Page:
Bullying & Harassment
Definition of Bullying:
Bullying is an ongoing and deliberate misuse of power in relationships through repeated verbal, physical and/or social behaviour that intends to cause physical, social and/or psychological harm to a student
Definition of Harassment:
Harassment occurs when someone engages in unwanted behaviour which has the purpose or effect of: creating an intimidating, hostile, degrading, humiliating or offensive environment for a student
Is your society a safe space?
As a committee member it is your responsibility to ensure your society is a safe and welcoming space for all your members. We are here to support you to do this. If you see something that doesn’t feel right, let us know.
Brighton Students’ Union and the University of Brighton will NOT allow any form of Bullying or Harassment. If anyone is seen in anyway to be breaking the Code of Conduct agreed upon enrollment, disciplinary action will be taken. This could result in the student being withdrawn from their society AND place at university.
What is an Active Bystander?
Something is happening that you consider to be bullying or harassment, you decided not to say anything
Something is happening that you consider to be bullying or harassment, you decide to say something
How can you be an Active Bystander?
You might come across a situation while at a society meeting or event that just doesn’t feel right to you. Maybe its a comment that is made, or you see a friend being approached again and again at an event and they are starting to look uncomfortable.
Being an active bystander means being aware of when someones behaviour is inappropriate or threatening and deciding to challenge this behaviour.
If you don’t feel comfortable calling the behaviour out then and there, get someone to help you and let us know.
Before you do anything consider the A,B,C approach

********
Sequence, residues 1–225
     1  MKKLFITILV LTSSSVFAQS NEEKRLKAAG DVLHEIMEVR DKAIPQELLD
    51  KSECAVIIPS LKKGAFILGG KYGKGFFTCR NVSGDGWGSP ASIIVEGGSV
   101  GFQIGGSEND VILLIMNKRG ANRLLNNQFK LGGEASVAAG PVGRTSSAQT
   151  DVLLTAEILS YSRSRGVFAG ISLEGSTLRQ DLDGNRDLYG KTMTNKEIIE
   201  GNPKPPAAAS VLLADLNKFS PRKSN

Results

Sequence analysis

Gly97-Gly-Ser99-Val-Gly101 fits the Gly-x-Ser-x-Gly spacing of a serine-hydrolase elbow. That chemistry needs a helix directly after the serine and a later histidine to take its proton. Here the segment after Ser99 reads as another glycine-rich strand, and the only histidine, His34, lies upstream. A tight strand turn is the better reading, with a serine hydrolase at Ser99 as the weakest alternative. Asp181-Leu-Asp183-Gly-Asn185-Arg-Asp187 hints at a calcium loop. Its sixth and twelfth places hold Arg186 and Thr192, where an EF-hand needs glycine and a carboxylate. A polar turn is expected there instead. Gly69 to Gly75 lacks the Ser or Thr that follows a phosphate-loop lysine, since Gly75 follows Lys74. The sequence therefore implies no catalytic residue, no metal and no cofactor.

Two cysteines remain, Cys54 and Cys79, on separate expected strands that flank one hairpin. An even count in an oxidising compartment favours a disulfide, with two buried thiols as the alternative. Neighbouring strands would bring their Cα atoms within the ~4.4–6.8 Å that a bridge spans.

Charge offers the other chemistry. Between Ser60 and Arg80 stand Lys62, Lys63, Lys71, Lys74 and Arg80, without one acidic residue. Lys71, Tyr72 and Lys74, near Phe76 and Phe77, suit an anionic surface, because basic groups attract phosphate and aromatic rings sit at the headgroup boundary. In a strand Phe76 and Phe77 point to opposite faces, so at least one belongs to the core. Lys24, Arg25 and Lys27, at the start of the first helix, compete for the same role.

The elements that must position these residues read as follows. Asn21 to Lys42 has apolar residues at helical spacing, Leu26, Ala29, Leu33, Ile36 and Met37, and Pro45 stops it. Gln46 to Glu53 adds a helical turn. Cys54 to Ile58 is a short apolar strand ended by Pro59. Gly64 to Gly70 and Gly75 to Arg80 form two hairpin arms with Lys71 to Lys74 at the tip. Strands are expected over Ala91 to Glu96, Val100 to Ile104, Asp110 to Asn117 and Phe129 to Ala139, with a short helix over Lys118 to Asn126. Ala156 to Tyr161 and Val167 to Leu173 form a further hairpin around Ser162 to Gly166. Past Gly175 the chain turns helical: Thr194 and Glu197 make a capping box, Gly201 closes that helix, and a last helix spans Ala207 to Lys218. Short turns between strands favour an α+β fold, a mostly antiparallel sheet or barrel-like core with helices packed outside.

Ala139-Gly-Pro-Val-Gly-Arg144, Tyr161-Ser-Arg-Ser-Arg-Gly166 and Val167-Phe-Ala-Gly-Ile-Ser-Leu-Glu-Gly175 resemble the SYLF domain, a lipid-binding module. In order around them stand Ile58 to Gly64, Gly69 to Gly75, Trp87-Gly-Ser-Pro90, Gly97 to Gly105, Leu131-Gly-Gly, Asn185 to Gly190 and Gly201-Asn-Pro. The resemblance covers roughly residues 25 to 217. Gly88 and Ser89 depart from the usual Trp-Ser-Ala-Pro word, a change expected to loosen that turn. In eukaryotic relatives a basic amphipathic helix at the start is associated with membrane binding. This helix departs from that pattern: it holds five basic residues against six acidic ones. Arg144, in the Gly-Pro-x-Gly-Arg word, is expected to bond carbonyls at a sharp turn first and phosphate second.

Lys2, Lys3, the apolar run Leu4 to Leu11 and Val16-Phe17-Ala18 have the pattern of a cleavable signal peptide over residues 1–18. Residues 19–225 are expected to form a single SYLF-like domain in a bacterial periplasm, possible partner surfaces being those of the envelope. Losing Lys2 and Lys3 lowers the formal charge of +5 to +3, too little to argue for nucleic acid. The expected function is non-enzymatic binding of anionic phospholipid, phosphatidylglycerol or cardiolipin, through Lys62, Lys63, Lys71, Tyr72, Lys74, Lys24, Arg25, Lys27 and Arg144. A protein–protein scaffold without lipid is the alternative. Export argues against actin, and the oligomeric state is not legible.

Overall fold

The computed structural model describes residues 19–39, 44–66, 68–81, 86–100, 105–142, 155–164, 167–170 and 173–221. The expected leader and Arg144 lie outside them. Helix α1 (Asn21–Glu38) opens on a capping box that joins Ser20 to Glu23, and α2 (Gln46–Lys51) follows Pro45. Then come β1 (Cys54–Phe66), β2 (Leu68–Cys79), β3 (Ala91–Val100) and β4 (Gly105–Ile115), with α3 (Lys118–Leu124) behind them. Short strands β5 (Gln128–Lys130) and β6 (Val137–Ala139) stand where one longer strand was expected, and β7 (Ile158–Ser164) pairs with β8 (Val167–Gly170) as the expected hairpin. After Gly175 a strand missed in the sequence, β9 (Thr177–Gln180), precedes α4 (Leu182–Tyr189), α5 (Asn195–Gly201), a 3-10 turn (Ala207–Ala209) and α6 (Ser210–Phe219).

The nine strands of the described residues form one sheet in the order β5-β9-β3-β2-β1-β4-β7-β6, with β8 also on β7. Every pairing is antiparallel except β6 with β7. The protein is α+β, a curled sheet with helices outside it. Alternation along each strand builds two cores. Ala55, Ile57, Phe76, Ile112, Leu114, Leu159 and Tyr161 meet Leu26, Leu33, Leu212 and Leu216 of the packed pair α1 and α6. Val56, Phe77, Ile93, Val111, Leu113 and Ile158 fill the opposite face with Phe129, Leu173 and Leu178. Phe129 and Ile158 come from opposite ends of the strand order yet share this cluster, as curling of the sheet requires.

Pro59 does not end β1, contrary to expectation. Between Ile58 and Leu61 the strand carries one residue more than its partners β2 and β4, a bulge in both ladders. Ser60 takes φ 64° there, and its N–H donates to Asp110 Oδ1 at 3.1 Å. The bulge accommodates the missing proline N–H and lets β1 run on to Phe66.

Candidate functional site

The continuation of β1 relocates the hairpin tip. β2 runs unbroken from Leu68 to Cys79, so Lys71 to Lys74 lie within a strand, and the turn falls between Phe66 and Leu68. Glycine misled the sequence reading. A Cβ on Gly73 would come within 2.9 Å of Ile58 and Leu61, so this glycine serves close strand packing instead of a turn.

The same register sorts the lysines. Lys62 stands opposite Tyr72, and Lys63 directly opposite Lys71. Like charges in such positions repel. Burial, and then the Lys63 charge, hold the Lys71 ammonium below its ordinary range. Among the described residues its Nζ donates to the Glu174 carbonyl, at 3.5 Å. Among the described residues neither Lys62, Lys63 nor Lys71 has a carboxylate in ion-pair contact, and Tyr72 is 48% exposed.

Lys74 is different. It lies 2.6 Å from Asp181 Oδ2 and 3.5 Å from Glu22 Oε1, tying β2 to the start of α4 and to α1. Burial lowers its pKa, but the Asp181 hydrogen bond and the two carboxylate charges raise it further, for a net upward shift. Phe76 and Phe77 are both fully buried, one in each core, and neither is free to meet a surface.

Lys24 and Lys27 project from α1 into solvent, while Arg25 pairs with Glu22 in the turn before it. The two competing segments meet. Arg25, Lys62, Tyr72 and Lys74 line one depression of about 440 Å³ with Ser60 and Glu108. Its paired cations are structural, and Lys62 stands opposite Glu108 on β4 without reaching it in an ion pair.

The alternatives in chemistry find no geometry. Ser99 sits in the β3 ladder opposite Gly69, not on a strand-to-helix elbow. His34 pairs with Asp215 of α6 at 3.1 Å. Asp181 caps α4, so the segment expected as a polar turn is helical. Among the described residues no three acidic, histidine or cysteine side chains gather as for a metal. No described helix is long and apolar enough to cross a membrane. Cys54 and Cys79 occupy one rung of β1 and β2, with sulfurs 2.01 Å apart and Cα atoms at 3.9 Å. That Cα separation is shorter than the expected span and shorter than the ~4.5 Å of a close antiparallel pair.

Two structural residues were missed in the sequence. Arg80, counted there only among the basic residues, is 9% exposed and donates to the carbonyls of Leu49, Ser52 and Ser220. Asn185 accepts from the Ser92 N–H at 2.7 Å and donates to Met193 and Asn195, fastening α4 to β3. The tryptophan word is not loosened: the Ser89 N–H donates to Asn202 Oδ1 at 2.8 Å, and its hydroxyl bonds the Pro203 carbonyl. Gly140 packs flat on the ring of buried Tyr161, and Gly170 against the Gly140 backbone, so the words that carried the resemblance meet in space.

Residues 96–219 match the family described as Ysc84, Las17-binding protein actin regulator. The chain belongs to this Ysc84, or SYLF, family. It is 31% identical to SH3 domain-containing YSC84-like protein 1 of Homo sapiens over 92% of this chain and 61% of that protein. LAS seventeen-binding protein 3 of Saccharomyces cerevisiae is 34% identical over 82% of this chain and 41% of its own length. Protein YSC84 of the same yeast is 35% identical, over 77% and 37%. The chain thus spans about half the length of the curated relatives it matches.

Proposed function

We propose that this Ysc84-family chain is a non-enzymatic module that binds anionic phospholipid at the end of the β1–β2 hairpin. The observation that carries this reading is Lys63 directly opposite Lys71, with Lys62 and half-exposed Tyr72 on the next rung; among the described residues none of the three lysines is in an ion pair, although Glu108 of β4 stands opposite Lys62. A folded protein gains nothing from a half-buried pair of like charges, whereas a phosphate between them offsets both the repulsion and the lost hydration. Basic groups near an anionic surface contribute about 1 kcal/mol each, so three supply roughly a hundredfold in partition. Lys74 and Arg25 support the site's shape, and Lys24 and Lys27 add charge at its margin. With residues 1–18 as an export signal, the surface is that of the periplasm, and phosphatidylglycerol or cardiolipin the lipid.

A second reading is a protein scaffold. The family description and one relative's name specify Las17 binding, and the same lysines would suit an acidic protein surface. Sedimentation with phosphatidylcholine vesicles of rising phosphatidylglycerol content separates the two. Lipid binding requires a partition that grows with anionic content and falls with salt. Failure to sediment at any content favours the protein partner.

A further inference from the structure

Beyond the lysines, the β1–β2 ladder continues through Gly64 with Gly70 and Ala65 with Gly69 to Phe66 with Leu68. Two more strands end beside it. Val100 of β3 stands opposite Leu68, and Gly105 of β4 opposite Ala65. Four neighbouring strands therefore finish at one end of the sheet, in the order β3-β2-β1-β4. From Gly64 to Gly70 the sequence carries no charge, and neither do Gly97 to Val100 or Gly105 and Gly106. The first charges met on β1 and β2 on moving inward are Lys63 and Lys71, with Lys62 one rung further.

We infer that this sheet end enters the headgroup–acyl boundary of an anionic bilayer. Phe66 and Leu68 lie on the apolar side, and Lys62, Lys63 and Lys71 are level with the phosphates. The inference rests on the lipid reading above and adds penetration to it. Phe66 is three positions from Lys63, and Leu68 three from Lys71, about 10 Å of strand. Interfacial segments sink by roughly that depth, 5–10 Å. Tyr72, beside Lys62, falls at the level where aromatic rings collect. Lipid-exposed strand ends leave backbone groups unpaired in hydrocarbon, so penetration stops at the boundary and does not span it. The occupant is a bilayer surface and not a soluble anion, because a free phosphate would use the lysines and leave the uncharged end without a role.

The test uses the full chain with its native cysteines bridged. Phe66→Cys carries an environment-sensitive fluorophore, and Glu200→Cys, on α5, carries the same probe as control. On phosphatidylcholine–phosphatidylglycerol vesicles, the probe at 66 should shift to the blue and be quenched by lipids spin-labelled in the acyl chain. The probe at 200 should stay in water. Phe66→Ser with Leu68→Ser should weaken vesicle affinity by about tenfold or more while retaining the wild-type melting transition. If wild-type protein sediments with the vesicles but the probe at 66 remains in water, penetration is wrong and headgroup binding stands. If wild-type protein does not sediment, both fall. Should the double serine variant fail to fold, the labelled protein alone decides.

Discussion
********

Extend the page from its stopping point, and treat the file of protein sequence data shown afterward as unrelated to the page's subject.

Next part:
A – Access for Safety, can you help safely? Your personal safety is always the priority – NEVER PUT YOURSELF AT RISK!
B – Be in a group, it its often safer to call out behaviour or intervene when in a group.
C – Care for the victim, talk to the person, do they need help? Are they OK?
Follow the 4 D’s – How to Intervene Safety
Direct Action – Directly call out the negative behaviour (in a group if possible) remember – be polite, remain calm, don’t aggravate or exaggerate the situation.
Distract – Distract them from their behaviour – Interrupt them maybe start up a conversation to distract them. It might be possible to try and remove the victim from the situation, think of a excuses to get them away, a phone call that needs taking perhaps.
Delegate – Maybe you don’t want to be the person to step in or call the behaviour out, but at the same time you seem to be the only one who is noticing it. Ask someone else to step in, particularly if there is trained staff on hand to help.
Delay – You have accessed the situation and its to dangerous to challenge at that time. Walk away! Come back when it is safe to do so and then check in with the victim. OR don’t go back, but report it – its never to late to act!
NEVER put yourself in danger and only intervene if it is safe to do so!
Always call 999 in the case of an emergency.